"Over the past decade, top universities have begun to experiment with online courseware, leveraging one of their core assets—the undergraduate course—to reach out to new constituencies of learners. Ithaka S+R embarked on a project intended to chronicle the development of several key initiatives in this space, in an effort to provide senior academic leadership with actionable, strategic intelligence around activity in this emerging field.
Two years of research has resulted in a scholarly monograph, Unlocking the Gates: How and Why Leading Universities Are Opening Up Access to Their Courses, published by Princeton University Press and available through Amazon and other book sellers.
Seizing the opportunities presented by digital technology and the networked environment, some of the world’s most prestigious institutions have begun to “unlock their gates,” converting course materials traditionally accessible only to admitted students—syllabi, handouts, and even recordings of lectures—into a digital form available to the broader public. These initiatives to create web-based course content—called “open courseware” when materials are offered to the public free of charge—constitute a much discussed but little studied trend in higher education.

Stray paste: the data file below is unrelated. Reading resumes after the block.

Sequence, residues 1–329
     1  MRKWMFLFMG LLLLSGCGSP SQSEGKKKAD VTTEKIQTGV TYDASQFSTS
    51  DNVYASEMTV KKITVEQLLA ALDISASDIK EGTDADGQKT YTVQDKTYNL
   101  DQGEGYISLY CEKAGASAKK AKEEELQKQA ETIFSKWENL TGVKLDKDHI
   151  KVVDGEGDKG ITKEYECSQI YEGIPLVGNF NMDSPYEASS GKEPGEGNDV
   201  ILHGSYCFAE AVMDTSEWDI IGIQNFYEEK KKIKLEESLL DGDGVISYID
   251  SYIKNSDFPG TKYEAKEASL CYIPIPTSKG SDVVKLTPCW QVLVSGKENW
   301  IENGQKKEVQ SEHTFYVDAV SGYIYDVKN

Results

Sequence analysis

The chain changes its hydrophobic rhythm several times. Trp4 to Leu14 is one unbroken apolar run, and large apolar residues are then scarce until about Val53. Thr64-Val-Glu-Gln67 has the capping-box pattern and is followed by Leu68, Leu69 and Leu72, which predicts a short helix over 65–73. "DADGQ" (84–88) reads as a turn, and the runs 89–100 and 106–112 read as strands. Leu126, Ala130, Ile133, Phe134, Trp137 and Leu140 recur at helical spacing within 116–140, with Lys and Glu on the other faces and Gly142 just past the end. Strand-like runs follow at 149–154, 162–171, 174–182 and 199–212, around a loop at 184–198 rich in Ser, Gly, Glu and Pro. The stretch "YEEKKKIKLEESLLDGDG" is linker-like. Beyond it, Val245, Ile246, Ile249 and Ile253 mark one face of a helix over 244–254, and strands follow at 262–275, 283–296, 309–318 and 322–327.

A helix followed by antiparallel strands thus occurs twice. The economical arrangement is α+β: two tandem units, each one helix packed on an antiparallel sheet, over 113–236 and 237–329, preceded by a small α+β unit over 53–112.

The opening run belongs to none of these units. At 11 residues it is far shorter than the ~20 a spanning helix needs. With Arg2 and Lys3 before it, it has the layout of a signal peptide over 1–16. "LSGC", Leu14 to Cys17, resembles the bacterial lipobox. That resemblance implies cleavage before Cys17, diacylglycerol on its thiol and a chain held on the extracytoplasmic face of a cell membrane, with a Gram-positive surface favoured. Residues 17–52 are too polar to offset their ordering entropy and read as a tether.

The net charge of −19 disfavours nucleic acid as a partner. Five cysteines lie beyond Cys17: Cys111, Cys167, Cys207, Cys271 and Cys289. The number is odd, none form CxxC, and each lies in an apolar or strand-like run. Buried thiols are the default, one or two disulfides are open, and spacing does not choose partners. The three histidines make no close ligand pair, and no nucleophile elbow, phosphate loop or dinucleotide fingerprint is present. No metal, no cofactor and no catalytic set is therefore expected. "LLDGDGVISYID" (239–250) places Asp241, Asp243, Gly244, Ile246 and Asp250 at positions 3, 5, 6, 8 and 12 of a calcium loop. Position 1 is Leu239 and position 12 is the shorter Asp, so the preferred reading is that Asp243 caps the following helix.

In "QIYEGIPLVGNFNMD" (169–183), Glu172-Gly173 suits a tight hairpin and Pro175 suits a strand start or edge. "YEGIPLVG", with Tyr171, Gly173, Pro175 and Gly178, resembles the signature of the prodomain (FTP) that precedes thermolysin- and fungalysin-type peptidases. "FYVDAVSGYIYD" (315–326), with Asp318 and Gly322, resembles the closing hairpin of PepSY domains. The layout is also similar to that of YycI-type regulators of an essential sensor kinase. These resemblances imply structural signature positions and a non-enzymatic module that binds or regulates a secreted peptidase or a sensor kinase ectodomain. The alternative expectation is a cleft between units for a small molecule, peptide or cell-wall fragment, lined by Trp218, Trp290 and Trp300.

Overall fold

Given Ithaka S+R’s prior work on the impact of the web on higher-education institutions like the library and the university press, we saw the need to provide an analysis of this new means of distributing university teaching in the digital age. With financial support from the William and Flora Hewlett Foundation, we launched this research project—drawing heavily on archival materials and exclusive interviews with key players. In addition to this work, Ithaka S+R is committed to a growing program of projects around teaching and learning with technology in the 21st century university.
The research and analysis compiled in Unlocking the Gates captures some of the lessons learned in this young and evolving field. Drawing on specific examples from case studies of leading courseware initiatives—now-defunct for-profit initiatives like AllLearn and Fathom.com; free and open projects like MIT’s pioneering OpenCourseWare, Carnegie Mellon’s Open Learning Initiative, Open Yale Courses, and webcast.berkeley; and the expansive NPTEL project by the Indian Institutes of Technology— this book provides insight into a number of relevant strategic questions, including In a digital age, how can universities distinguish themselves in competition for reputation, students, and faculty? How will these projects continue to sustain themselves as they mature beyond the experimental phase? Can higher education institutions maintain the campus-based business model that has sustained them for centuries, while also leveraging new technology to expand access to the knowledge they produce? And, faced with fiscal uncertainty and the need to increase access to higher education while maintaining quality, could these projects eventually have more transformative applications than we are seeing at present?"